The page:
Archive - Jan 7, 2018

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Epiphany, Theophany, Old Christmas, and Priests Forever

It is the midnight of Christmas in the old calendar, celebrated by Orthodox Christians. It is bitter cold outside, three degrees the last time I checked, and the furnace is working overtime. There is a commotion, a bright star shining, angels singing, all in my soul, and I, a lowly shepherd am confused and frightened and trying to figure out what it all means.

Saturday was Epiphany, Three Kings Day for the western church. On the front door to our house, we chalked “20 + C + M + B + 18”. I posted a picture on Facebook, including a prayer to go along with it

The three Wise Men,
Caspar, Melchior, and Balthasar

followed the star of God’s Son who became human
two thousand
and eighteen years ago.
May Christ bless our home
and remain with us throughout the new year. Amen.

In the morning, I went to a local Orthodox church to join in the celebration of the Feast of the Theophany. As we said the creed, “I believe in one holy, catholic, and apostolic church”, I thought about being baptized and confirmed Congregationalist, received into the Episcopal Church, and worshiping with the Orthodox. I looked at the young boy in the pew in front of me and prayed for him. Had someone prayed for me, the same way when I was young? Had someone else prayed for that person in a similar way? Is there a hidden apostolic succession that ties us together throughout the ages?

As we approached the blessing of the waters, small children ran around, joyful at the expectation of Christmas and at getting splashed with holy water. Women holding onto tradition filled their jars with holy water for the year. I rejoiced in the ample holy water splashed on me at the end of the service and wished I had a jar I could bring home some holy water for my family. A young boy gave me an ice cube from the holy water that he said I should take home to my mother. I carefully tucked it in my coat pocket until I could get in the car and put it in an empty cup.

In the evening, I returned with my daughter for Vespers. At the end of the service, the priest marked us with holy oil, myrrh, or Myron. I savored its smell as I drove my daughter to her grandparents’ house; the chrism of confirmation after the water of baptism. I did not know that Myron was another name for the holy oil. My middle name is Myron. May I too be used by the Holy Spirit to sanctify and consecrate.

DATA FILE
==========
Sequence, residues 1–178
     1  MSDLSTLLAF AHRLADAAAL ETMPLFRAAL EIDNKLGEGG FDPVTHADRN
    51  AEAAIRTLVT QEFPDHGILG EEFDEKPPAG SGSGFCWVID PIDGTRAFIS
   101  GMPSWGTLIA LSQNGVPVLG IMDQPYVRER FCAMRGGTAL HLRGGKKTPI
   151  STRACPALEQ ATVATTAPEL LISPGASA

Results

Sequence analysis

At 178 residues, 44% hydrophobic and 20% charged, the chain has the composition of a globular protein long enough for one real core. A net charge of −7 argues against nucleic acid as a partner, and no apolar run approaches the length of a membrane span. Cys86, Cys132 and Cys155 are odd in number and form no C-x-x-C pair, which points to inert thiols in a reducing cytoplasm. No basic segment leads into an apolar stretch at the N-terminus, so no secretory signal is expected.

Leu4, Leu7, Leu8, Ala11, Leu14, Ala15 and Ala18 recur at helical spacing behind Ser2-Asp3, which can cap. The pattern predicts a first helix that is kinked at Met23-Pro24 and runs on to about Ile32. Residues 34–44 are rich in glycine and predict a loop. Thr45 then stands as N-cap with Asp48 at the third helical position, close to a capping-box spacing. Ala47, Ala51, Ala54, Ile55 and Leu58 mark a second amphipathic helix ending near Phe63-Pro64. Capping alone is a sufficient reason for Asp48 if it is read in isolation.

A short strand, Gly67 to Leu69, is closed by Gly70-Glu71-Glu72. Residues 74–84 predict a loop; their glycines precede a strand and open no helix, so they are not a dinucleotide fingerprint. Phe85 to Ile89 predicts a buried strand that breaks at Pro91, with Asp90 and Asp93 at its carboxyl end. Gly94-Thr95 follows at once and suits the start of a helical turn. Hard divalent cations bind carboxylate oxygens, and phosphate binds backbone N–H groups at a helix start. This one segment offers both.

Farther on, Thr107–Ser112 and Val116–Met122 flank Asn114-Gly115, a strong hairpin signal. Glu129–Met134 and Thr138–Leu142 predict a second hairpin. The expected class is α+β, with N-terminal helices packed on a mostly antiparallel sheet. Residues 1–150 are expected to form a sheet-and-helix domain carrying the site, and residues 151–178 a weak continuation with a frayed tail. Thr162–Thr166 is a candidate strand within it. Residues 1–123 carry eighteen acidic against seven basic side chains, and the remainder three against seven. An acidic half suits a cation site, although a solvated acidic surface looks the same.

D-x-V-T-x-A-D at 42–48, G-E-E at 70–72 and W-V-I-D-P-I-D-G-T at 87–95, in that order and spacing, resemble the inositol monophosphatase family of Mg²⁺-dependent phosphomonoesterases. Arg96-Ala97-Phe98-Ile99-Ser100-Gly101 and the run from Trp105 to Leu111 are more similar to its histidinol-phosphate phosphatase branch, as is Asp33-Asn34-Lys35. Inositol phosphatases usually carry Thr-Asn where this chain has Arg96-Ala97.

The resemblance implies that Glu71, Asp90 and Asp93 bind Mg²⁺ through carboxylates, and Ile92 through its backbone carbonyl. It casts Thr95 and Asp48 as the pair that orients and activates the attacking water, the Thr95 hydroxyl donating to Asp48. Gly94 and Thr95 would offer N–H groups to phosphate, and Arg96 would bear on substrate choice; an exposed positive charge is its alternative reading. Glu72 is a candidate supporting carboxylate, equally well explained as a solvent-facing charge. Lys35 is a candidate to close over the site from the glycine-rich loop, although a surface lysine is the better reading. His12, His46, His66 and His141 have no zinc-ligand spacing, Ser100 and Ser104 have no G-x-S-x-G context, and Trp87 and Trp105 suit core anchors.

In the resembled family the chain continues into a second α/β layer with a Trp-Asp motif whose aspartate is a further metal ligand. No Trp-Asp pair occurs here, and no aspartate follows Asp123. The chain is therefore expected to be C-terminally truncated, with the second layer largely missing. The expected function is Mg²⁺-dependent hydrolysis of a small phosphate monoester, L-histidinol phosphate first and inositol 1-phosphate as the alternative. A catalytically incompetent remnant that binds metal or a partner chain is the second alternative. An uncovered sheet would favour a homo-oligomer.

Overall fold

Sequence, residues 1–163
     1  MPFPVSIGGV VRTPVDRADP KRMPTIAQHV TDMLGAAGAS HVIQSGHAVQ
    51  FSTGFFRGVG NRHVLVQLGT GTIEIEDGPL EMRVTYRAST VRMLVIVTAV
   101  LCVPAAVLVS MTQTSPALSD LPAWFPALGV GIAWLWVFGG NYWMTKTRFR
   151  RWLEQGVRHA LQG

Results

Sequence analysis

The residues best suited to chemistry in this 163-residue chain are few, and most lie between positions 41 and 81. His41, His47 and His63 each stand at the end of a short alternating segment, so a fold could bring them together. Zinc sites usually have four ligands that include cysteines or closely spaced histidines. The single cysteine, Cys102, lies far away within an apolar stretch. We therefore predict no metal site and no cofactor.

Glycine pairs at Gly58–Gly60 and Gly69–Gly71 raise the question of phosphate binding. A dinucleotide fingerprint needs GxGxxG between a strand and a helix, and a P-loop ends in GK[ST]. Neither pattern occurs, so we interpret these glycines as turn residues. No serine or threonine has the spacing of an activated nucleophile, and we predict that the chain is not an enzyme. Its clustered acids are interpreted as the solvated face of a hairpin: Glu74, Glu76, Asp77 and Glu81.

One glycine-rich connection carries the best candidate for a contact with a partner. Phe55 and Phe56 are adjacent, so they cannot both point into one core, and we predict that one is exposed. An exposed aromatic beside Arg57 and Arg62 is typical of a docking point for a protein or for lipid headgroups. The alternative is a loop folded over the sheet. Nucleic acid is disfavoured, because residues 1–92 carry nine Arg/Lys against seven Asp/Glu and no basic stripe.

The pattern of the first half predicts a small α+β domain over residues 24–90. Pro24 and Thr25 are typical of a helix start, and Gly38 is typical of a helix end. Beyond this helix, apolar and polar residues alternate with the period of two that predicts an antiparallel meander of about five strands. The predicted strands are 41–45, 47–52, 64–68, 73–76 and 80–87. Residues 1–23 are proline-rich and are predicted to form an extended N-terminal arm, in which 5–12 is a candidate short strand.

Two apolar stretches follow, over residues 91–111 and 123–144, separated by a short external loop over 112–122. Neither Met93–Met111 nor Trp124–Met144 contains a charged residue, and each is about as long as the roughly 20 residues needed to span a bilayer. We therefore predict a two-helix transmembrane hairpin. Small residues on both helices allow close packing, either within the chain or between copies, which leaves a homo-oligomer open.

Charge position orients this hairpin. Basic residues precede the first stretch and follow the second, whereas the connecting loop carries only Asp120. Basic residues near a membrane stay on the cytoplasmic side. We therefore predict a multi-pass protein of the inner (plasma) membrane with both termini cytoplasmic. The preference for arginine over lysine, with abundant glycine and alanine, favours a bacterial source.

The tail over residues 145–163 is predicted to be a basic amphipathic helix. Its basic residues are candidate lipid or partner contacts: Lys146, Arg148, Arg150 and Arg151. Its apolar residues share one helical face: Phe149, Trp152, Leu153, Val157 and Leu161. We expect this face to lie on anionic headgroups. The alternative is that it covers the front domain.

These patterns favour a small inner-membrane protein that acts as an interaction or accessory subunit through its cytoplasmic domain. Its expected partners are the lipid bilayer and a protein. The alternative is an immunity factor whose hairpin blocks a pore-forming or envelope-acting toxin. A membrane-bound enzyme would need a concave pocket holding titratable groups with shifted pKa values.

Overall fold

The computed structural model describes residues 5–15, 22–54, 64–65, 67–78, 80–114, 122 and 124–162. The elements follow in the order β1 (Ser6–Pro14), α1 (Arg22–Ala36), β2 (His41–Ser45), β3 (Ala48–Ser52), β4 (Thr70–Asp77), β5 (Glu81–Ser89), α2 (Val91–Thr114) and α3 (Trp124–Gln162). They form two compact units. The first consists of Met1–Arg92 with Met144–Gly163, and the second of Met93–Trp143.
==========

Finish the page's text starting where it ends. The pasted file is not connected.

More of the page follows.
I went to bed early and read for a bit more. I am reading “A Priest Forever” by The Rev. Carter Heyward. At times I’ve been sharing quotes from the book on Facebook. This evening, a few quotes jumped out at me. “Any attempt to postpone justice is a sign of weak faith.” A few pages later, she talks about Kairos, God’s time. “Kairos cannot be calculated by clocks, calendars, or conventions. Kairos bursts without warning into chronos”.

I seek to live into Kairos. I experience it when I pray in various churches and monasteries. I experience it when I partake in sacraments. There are moments of Kairos in family life or while spending time with people in need.

My thoughts go back to “A Priest Forever” and I think about excuses that have been given for not welcoming certain people into certain ecclesiastical ordination processes; wrong gender, too old, there’s already too many priests, impediments of health, finances, or family, all of which sound like the excuses for a lack of faith in pursuing God’s justice.

Mine is not a great cause, easily understandable, like Carter Heyward’s quest for the ordination of women in the Episcopal Church, but it feels like it is of the same essence. It is about renewal. It is about “looking ahead to a future with even more novel forms of ordained ministry” to use the words of a resolution from the Episcopal Church in Connecticut’s Annual Convention.

The star continues to burn bright in my heart. Kairos has burst in and we are all shepherds at the manger, children running around the church on Christmas Eve, aspirants to holy orders, and priests forever. Amen.